At Friday’s weekly press conference of local leaders, health administrator Penny Caudill said that it’s smaller gatherings that are causing most of the infections, not necessarily super-spreader events.
“Across the county and the state we are hearing that most of our cases are really coming from family and friend gatherings. It’s the weddings, it’s maybe the funerals, it’s the worship services, it’s the meetings, the sleep-overs, the little parties that we’re having, where we don’t mask, we don’t maintain distance, and we’ve let our guard down,” Caudill said.
She added, “It only takes that one person who can come into that group and infect the rest of the group unknowingly, many times because they may be asymptomatic.”
The IU football team’s victory on Saturday against Michigan came after another big home game win two weeks ago against Penn State. That occasion was marked by spontaneous celebrations of large groups of students who did not maintain physical distance between themselves and did not wear masks.
At Friday’s press conference, Kirk White, who is IU’s assistant vice president for strategic partnerships and the lead for IU Bloomington’s COVID response unit said, “Let me make this as clear as I can. We have suspended students across the spectrum for hosting these large parties. We’ve suspended Greek students, we’ve suspended athletes, we’ve suspended off-campus and residence halls living students. We can’t have this kind of irresponsible activity.”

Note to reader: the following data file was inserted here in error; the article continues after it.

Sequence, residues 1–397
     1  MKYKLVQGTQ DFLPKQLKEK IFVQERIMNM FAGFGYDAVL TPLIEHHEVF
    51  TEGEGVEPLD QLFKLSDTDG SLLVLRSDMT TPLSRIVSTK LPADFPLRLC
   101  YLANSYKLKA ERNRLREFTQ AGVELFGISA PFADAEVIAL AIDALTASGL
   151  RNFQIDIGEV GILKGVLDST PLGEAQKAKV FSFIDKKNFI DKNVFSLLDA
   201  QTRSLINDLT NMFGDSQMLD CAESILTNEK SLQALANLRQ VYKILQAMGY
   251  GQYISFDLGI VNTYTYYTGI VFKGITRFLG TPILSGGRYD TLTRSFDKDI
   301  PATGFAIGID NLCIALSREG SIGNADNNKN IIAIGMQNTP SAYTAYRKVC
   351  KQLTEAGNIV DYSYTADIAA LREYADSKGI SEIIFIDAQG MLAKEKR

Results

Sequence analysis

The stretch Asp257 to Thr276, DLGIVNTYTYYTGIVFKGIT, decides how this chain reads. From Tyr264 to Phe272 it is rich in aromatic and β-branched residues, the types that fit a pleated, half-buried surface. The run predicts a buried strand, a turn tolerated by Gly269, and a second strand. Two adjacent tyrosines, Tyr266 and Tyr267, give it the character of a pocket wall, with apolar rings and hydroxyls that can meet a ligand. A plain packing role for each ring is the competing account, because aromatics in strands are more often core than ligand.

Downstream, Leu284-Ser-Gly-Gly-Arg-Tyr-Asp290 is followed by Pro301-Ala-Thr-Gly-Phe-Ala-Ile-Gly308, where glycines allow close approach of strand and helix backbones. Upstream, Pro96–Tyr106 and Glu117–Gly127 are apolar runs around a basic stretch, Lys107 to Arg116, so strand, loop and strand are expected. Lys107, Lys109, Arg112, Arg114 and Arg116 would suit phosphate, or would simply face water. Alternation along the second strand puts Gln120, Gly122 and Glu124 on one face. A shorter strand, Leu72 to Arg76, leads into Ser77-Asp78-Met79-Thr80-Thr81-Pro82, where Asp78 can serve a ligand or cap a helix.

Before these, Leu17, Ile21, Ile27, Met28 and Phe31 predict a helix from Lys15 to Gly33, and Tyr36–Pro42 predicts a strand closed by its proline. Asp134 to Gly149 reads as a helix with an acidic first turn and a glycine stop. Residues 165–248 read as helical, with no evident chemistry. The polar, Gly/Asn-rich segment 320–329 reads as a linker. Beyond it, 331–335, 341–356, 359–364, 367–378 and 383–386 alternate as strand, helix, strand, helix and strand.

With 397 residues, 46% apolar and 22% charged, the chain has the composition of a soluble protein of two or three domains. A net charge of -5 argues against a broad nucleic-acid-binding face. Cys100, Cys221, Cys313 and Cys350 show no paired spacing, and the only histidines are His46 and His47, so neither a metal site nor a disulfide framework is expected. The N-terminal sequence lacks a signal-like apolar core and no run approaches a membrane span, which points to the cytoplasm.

White added, “And when we find it, we will find out who’s responsible. And you will be summarily suspended from Indiana University. If you’re found to be irresponsible this late in the semester, you’ll be suspended for next semester. That’s all there is to it. So don’t do it.”
The county has a number of health regulations in place, including those on mask wearing, maintaining physical distance, and keeping gathering sizes for non-commercial events under 50 people. The city of Bloomington has a lower limit on gatherings, which is 15 people.